Transition or Transformation?

January 8, 2018

“Cheers to a new year and another chance for us to get it right.”
-Oprah Winfrey

Welcome to 2018. Economic development has always been of the utmost importance to leaders and citizens locally and around the world. How we develop our economy is also becoming increasingly important. Are we doing so in a way that brings everyone along? Are we doing so in a way that is sustainable? Are we globally competitive or are we living in a vacuum?

There are positive signs that show that the economy is producing plentiful jobs, creating investment and entrepreneurial opportunities, and generating wealth. In some ways, the immediate economic future seems to be more certain than it was 12 months ago, yet incredibly volatile at the same time. Technology advancements continue to upend whole sectors of our economy – small and large businesses alike – and create uncertainty about the jobs of the future. Technology is also challenging communities to think differently about their infrastructure and public policies. Additionally, political and social instability around the world, including right here in our own cities, threatens to undermine the best intentions of civic leaders.

Developing and executing an economic development agenda can determine whether your community will make the transition to a new economic order on its own terms, or whether it will be subject to the transformation. An economic development agenda should include:

  • Workforce: The availability of a talented workforce coupled with changing workplace norms will remain a point of differentiation for communities and a challenge for employers. Communities that curate a culture of openness, align the needs of job creators with workforce development efforts, and lean into the future will attract and retain talent of all kinds and will secure a business advantage.
  • Global trade and investment: Foreign direct investment and trade will remain a key driver of successful state and metro economies. Regions that help existing companies enter and succeed in markets around the world will likely produce more jobs at higher wage levels, and they will innovate more than those that do not. Regions that are competitive and actively seek to attract foreign direct investment will continue to diversify their economies and their business cultures. And regions that attract and retain a globally diverse workforce will more likely succeed at meeting the workforce challenge noted above.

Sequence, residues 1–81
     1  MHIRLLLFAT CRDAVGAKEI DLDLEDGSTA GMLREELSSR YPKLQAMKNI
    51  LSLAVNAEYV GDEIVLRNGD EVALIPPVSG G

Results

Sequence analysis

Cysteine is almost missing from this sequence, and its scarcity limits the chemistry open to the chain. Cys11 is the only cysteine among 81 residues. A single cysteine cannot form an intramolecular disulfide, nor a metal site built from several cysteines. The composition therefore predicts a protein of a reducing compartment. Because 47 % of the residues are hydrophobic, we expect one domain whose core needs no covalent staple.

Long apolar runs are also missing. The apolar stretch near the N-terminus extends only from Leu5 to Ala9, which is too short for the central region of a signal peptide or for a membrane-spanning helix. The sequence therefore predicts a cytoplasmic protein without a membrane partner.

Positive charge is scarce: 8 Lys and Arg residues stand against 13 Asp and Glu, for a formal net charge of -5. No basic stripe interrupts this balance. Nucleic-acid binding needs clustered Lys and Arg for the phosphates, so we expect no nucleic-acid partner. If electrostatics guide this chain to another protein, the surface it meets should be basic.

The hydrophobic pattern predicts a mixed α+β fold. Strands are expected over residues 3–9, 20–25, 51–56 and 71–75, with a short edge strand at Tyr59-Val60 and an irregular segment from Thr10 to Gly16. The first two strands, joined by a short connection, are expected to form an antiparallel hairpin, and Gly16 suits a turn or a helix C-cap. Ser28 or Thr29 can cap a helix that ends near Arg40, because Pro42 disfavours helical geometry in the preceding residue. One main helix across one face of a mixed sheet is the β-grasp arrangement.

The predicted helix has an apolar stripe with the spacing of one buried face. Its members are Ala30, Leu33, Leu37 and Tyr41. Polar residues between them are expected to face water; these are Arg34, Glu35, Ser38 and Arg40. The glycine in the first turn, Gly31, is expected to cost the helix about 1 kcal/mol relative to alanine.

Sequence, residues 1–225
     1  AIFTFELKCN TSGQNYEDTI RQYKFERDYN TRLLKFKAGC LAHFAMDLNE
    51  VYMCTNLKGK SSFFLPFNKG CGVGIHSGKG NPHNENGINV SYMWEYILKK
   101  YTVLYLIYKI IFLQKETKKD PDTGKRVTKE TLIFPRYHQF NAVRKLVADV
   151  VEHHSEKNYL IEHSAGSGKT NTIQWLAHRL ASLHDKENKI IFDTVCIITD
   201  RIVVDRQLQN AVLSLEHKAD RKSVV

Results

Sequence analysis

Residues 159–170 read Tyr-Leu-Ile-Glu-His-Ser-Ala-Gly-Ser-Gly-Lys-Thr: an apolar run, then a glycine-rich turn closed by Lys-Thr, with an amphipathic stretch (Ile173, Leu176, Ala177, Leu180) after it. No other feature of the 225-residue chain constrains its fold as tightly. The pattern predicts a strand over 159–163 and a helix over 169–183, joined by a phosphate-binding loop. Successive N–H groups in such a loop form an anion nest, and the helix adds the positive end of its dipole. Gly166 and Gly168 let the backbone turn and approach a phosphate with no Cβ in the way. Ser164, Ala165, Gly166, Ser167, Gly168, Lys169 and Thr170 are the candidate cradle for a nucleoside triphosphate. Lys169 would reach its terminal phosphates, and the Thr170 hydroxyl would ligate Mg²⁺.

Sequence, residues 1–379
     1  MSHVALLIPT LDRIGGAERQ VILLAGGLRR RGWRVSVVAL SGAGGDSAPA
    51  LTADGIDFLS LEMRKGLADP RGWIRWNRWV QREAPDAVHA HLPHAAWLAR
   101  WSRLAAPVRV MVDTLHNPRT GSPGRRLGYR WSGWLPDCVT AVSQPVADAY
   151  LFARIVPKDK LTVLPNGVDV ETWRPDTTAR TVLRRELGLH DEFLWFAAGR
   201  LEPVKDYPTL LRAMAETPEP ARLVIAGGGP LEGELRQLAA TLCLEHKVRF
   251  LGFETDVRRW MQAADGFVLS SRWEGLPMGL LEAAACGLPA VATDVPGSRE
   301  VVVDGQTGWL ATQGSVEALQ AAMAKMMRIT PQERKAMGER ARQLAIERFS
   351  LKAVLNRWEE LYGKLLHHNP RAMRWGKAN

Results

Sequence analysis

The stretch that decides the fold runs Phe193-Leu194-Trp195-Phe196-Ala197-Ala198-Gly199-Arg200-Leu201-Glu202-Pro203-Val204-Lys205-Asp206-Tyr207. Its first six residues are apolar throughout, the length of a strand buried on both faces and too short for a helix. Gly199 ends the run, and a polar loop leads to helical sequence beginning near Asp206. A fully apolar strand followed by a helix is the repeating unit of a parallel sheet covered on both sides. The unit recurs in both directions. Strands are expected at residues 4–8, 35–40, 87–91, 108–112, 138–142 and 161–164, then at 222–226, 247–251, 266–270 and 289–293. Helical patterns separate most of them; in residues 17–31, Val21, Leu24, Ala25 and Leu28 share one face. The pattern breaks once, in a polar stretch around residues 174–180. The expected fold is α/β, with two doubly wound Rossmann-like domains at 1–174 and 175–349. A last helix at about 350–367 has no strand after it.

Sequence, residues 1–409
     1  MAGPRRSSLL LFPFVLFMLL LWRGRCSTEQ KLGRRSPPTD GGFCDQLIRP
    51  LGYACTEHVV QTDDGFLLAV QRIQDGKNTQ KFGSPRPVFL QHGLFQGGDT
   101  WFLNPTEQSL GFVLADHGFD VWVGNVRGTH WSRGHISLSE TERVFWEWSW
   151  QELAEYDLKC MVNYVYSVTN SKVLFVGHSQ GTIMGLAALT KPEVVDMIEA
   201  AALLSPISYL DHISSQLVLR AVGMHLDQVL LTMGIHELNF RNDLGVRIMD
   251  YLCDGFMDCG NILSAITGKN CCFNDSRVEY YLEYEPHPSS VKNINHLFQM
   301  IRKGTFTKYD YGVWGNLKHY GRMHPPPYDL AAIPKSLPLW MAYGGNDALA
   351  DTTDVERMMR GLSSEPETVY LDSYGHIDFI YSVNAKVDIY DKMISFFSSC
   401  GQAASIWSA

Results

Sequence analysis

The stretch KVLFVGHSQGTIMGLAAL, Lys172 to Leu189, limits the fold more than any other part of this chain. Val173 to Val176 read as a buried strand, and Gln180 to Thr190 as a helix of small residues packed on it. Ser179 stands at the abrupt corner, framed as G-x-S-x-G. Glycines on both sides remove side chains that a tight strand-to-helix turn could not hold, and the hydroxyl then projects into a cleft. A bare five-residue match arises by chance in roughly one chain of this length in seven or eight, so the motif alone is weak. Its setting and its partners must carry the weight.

• Keeping pace with infrastructure needs: This has always been difficult, and the growth of smart and connected infrastructure is quickening the pace. Technology is creating new ways for workforce, goods and services to be moved and delivered. The integration of digital technologies like 5G and the Internet of Things, and integration with “hard” infrastructure like buildings, electrical grids, natural gas lines and public utilities will transform how we build and maintain foundational elements of a good economy. Creative solutions are needed to imagine, develop, and finance globally competitive infrastructure including airports, roads and bridges. If done well, new infrastructure will create value for government and businesses and increase resident access to education, healthcare and employment. If done poorly, it will be a drain on public finances and the business competitiveness of an area.
  • Winning the high-tech game: High tech has never been more important to communities. Technology companies – both start-ups and digital behemoths – have the greatest potential to create dynamic growth and generate wealth. Regions that are nurturing the technology community and focusing on commercialization through universities and medical centers have the potential to create not only the next big exit, but the next Fortune 500 company. How technology companies and cities and states interact will be a key storyline of 2018.
  • Manufacturing as an innovation strategy: Cities and states must pursue manufacturing not only for the jobs that it creates, but for its ability to drive innovation and overall competitiveness. Manufacturing continues to change, adapt and thrive in America. Areas that produce manufacturing talent, have tax policies favorable to manufacturing, and have robust and competitively priced utility infrastructure will retain and attract manufacturing. They will also likely attract additional operations that need to be close to supply chains, and operations eager to conduct research and development with nearby universities and technical schools.

-Kenny McDonald

Recommended Reading:

One Columbus Update

  • 2017 was quite a year for the Columbus Region. Innovative, market-leading companies chose to locate and expand in the Columbus Region, talented residents were recognized for their work and ideas, and major milestones were achieved. Take a look back at last year.
  • This week, the One Columbus team will host companies evaluating the Columbus Region.